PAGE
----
'Freight train was one line that was down to only 4 boars left in the country, so we have worked with the breed society and other breeders and we have sold three this year and have helped take it to 11 boars.  Their pork is succulent and really in demand, so I can see the breed growing again.'

 

John and Helen's arable acreage is farmed on a contract basis.

 

'We take the straw for the livestock and put back the muck on the land,' says John.  'We use cover crops and we are concerned with improving the soil structure.  We are using clover to fix nitrogen and increase protein; we are putting kale into old pastureland as a break crop; and we follow with 10-15 acres of kale that we grow for winter forage for the cattle with herbal leys.  It all helps with our experimenting in cutting feed costs.  The pigs are rotated around the grassland.'

 

'We went into Mid-Tier Stewardship in January and have wild birdseed mixture going in and grass flower margins.  We are determined to do everything we can to be as environmentally sustainable as possible.'

 

Helen is a farmer's daughter from Catterick.  Her parents were arable and pig farmers.

 

Their farming team includes farmer's son Sam Lumb, farm manager, who is from Keighley; and assistant farm manager Megan Mulholland.

By Chris Berry

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We were delighted to be chosen as farm of the week in the recent 'Country Week' magazine of the Yorkshire Post - published 27th March 2021.

 

The article read as follows;

Native heritage breeds are the driving force behind John and Helen Bell's North Yorkshire farming and butchery enterprise.

Working over three sites, Tunstall Road Farm in Catterick and Manor Farm in Newton Le Willows and Tunstall Meat Company (TMC) butcher's shop in Richmond, the business has been a return to agriculture for Weardale born farmer's son John.

Following a career in the City and overseas which took him away from agriculture for many years, John said he always wanted to return to farming.

"One of the the things I had missed most was farming and the countryside.  I grew  up around native breeds.  My dad had Mules that were put to a Suffolk tup on his mixed farm.  I had always been  interested in heritage breeds and had a hankering to get back to them when the time was right."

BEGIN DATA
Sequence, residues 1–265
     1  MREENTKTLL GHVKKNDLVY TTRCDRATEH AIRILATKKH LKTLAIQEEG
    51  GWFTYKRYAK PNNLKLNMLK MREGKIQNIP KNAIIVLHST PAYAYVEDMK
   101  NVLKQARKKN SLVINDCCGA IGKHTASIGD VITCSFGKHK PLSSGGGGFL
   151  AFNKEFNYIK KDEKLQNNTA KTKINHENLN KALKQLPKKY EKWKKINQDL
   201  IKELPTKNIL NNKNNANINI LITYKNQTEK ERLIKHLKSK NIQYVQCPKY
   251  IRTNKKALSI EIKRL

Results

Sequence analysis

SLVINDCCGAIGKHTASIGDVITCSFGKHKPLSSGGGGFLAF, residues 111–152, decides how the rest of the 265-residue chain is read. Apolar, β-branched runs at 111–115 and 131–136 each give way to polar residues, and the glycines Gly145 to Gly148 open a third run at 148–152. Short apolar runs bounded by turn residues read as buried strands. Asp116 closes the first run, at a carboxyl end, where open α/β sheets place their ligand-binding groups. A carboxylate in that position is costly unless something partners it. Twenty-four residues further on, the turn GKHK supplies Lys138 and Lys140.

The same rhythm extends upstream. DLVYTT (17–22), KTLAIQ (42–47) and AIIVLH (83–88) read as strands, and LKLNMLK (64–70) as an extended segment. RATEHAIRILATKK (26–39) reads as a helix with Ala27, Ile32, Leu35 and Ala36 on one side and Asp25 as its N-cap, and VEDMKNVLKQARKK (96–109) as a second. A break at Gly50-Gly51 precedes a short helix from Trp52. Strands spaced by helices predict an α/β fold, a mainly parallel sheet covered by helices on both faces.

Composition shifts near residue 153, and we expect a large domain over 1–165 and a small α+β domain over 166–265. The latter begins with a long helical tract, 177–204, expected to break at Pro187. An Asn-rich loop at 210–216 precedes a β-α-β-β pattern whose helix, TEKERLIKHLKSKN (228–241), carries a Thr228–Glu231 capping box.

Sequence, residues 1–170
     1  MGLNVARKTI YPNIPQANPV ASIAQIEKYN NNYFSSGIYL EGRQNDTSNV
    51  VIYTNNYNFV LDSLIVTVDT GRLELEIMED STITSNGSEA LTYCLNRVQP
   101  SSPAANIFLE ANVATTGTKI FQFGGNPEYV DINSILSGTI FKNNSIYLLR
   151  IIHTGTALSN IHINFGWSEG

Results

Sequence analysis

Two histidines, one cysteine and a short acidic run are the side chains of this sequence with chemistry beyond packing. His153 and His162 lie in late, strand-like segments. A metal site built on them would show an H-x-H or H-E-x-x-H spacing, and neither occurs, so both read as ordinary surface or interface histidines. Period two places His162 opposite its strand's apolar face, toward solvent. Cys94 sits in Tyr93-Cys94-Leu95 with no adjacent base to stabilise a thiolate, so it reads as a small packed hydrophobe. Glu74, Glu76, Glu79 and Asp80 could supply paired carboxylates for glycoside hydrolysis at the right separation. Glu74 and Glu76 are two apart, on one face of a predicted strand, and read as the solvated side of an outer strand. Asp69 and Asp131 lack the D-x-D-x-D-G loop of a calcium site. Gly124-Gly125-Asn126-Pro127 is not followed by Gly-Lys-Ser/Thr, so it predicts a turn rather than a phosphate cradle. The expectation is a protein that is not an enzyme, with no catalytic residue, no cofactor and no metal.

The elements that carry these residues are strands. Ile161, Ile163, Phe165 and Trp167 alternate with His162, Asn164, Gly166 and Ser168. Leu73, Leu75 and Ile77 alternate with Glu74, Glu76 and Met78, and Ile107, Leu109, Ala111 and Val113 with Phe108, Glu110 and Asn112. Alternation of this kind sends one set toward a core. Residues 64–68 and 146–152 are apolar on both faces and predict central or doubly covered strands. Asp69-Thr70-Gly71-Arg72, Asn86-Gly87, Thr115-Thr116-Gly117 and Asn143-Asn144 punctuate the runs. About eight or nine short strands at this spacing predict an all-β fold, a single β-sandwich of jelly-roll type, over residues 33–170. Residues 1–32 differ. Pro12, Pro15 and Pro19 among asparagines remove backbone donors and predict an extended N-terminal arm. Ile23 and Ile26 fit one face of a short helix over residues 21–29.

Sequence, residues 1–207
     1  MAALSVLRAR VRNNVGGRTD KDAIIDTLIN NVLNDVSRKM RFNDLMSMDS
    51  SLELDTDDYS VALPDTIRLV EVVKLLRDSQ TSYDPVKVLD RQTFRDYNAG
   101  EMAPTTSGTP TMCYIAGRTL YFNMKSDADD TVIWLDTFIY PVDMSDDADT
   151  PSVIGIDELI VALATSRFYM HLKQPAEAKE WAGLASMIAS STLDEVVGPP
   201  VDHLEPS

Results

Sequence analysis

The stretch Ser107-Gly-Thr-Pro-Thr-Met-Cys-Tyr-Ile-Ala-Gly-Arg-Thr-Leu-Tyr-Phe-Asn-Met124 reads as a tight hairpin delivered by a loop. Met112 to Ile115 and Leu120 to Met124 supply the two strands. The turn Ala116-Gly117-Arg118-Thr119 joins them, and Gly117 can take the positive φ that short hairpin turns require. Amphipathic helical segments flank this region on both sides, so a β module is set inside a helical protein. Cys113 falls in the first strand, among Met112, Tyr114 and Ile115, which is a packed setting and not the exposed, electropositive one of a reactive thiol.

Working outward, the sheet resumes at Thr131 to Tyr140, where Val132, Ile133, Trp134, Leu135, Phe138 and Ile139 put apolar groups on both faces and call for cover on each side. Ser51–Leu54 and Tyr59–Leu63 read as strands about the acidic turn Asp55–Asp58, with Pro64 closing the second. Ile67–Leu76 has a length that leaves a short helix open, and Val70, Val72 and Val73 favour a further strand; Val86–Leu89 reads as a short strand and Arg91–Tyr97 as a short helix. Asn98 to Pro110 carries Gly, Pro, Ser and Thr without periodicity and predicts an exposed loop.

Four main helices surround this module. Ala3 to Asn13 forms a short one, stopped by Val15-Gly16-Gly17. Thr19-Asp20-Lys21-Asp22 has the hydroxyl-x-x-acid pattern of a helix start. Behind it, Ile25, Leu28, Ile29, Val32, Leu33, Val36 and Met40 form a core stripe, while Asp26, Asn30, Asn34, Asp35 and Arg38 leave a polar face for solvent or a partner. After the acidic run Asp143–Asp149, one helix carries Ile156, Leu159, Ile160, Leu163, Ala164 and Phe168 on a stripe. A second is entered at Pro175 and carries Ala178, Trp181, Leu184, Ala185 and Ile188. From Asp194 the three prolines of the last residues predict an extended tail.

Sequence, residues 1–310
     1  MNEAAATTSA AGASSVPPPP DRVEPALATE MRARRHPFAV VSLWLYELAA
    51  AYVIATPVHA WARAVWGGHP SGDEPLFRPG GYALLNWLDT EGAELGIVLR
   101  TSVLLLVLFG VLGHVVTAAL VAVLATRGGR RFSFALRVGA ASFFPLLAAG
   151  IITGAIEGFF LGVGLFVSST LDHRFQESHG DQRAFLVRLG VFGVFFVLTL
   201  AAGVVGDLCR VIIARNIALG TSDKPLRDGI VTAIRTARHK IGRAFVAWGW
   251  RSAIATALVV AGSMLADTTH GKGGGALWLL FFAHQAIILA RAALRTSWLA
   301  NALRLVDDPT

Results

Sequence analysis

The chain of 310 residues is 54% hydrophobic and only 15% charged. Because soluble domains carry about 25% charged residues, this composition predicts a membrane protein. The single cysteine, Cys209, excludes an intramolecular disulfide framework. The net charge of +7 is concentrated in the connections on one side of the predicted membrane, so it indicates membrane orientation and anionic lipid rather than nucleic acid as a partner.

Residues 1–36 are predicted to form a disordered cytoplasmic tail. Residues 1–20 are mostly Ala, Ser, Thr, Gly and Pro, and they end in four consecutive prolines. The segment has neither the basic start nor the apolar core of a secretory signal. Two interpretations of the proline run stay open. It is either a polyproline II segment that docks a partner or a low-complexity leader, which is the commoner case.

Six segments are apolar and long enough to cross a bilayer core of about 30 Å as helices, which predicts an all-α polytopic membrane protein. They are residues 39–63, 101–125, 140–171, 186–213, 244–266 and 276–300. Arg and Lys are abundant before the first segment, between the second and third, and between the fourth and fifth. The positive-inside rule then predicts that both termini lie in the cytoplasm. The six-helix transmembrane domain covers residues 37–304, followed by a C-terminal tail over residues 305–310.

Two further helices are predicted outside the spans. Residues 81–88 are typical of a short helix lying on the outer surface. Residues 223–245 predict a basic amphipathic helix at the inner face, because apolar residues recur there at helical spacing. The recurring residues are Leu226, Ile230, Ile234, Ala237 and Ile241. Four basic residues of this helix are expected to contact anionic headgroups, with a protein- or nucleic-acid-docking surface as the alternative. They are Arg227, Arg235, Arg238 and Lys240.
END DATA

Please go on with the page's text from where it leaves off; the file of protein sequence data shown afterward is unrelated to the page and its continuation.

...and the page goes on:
Manor Farm was bought in 2009 with Tunstall Road Farm added in 2013, running to 550 acres across the two farms.  John said buying the second farm was a decisive move to grow their livestock enterprise the way he and Helen wanted.

"We bought Tunstall Road Farm by auction from North Yorkshire County Council and that allowed us to house the animals, expand our numbers and drive our livestock farming interests."

John and Helen said they found making a success of native breeds was by a 'field to fork' approach rather than selling through livestock markets.

"We found that 90 percent of the beef cattle being sold through livestock markets was Limousin cross cattle and we realised we could never compete on that level. so we decided to major in grass-reared native breeds, fantastic animal welfare, traceability and local.

"We also realised that if we were ever going to make a business model that worked, we had to go direct to the customer."

John said a friend, Robert Hendrix, steered them in the direction of opening the Richmond butcher's shop in 2018, where they now trade as TMC Butchers.

"Robert was executive head chef with Newcastle United Football Club for 10 years and had been looking for a new challenge."

"Helen and I hadn't known how to take our plans to the next level and he did, utilising the quality of the meat and it's traceability.  Robert set up the shop and is now Director of our butchery side of the business, which has grown steadily through local trade but also online sales as customers have realised the better taste offered by heritage breeds."

John said the prospects for the future of the farm and the butchery business go hand in hand.

"When customers try our beef, lamb or pork they tell us the taste is amazing and keep coming back.

Everything is dictated by how fast we can grow, as we always want to be supplied by our own livestock.

There is such a demand for local produce, local delivery and provenance right now and we are really passionate about supporting people who want to shop local."

John oversees the farming operation with farm manager Sam Lumb, a farmer's son from Keighley and Assistant Farm Manager Megan Mulholland from South Africa. 

John said the farm's focus is all about supplying the right stock, bred in the most natural way for the butchery.

"We started out small scale and we are still a relatively small livestock farm.

"It's all about doing everything right on the farm including improving our soil structure, using clover to fix nitrogen and increase protein, growing kale as winter forage for the cattle and the use of cover crops including spring barley to cut our feed costs."

Pedigree Belted Galloways and Herefords along with Hereford cross Friesians make up the suckler herd that runs to around 50 breeding cows and followers.  John said that their aim is always to keep them our on grass as long as is it possible.